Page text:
the better truth

the better truth

Saturday, October 19, 2013

The Player (1992)

The Player's Player
    Robert Altman has been very busy since Nashville was finished in 1976. He has traveled all over the map turning plays into movies: from the army base (Streamers) to little towns in Texas and the South West (Five and Dime Jimmy Dean, Jimmy Dean & Fool for Love), the forgettable stay in the White House (Secret Honor) and the equally forgettable European jaunt (Vincent & Theo). Plays aren't movies. Whether this was an epiphany or a sabbatical designed to keep the engine running is hard to figure. No more playing around. Robert Altman has returned with The Player.

    Movies are the media du mode in self-reflective, entertainment-obsessed, American society. The Player has therefore become the film of choice for filmgoers "in the know". Word on the street has Altman, an American auteur operating outside the system, creating a scathing indictment of the industry via a brilliant parody in which "the players" play themselves. It is more than "great" it is "important"; too serious to be a financial blockbuster. As Jeffrey Lyons, a critic of "The Living Section" sensibility, states "this is a film for people overly concerned with how movies are made."  Well isn't a slap from Jeffrey really a compliment? Everyone who is anyone is overly concerned with how movies are made. If only there were more people of Altman's integrity who might "tell it like it is". Confessions from con men, however, should be regarded with the utmost skepticism. A Hollywood film which purports to expose the evil doings of an insider in the movie business, a player, must be greeted with kid gloves (or a falconer's mitt). Con men and socio paths are often charming and fun and at times even brilliant. (As John Guare and David Mamet have proved). The Player shares all these characteristics but one must never forget we are dealing with a player. The danger lies not in being killed or robbed but of being taken.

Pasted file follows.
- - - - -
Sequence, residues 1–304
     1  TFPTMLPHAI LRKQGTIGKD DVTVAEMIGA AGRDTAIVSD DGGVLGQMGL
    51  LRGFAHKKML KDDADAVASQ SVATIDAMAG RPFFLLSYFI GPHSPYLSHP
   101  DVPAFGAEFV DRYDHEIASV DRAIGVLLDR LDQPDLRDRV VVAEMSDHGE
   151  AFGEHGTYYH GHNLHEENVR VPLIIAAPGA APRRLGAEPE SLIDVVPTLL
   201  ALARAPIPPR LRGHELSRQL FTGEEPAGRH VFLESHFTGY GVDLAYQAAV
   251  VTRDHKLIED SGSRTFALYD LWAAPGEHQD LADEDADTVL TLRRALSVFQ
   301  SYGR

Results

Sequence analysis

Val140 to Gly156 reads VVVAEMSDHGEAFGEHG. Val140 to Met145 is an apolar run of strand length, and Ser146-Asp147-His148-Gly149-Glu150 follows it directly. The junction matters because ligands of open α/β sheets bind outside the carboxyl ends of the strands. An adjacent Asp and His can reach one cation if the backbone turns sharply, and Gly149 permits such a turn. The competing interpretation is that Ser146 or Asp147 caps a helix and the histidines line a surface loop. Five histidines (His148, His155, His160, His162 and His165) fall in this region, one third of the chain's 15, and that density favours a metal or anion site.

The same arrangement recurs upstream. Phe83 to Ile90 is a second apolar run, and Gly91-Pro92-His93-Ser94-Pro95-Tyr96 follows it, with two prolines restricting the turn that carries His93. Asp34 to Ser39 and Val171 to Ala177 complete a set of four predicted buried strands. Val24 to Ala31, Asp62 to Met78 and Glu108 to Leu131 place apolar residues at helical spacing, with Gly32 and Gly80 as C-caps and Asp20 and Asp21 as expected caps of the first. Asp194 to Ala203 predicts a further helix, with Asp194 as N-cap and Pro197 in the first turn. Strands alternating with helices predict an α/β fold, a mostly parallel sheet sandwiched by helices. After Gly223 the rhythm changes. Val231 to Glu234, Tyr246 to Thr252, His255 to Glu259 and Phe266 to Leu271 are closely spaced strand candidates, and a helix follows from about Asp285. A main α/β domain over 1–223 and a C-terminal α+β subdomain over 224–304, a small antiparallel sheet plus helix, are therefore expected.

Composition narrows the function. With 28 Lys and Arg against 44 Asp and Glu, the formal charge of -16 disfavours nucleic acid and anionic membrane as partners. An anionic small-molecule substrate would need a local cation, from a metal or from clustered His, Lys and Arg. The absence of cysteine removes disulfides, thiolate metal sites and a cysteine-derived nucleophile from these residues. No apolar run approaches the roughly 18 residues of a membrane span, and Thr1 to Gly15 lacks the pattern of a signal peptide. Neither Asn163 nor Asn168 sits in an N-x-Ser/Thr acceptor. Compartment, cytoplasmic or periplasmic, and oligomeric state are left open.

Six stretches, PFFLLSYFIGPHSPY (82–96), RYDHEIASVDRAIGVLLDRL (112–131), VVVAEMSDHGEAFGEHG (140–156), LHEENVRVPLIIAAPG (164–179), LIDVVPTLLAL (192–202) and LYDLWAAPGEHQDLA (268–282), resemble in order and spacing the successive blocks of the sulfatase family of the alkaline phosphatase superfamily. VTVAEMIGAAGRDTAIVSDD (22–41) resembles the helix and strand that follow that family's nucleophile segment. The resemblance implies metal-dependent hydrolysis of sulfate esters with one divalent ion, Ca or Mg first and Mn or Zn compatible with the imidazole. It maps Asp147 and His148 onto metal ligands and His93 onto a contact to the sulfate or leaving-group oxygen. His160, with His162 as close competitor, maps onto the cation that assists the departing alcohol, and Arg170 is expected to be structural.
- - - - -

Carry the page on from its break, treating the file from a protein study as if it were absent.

Before canonizing Altman it is important to closely evaluate the miracles. He needs three and without doubt he should be given two: M*A*S*H and Nashville. These are his masterpieces. Here institutions (the army & the country music business) are brilliantly rendered through collections of individuals. This is his strength - institutional portraits via the group. A Fred Wiseman of dramatic filmmaking. The result is the same as Wiseman's - heartfelt social satire. Altman's genius lies in his weaving together disparate groups and different levels of reality. M*A*S*H and Nashville oscillate from the serious to the absurd; from harsh reality to complete fantasy. They are driven by juxtaposition of characters and settings which keep the audience guessing and happily wandering through his mad cap worlds. To experience a good Altman movie is not to have taken in a linear story but to have visited a strange land and met the natives. When Altman stumbles it is like being at a boring party in an awful place (Buffalo Bill,The Wedding). Even at his worst, not counting those endless play-movies, Altman had an eye and ear for what people were saying and what was going on. In capturing the specific absurd incident, whether a traffic jam in Nashville or a military R&R trip during the Korean war, he spoke universally. His work is usually entertaining, often disconcerting and most importantly, well done.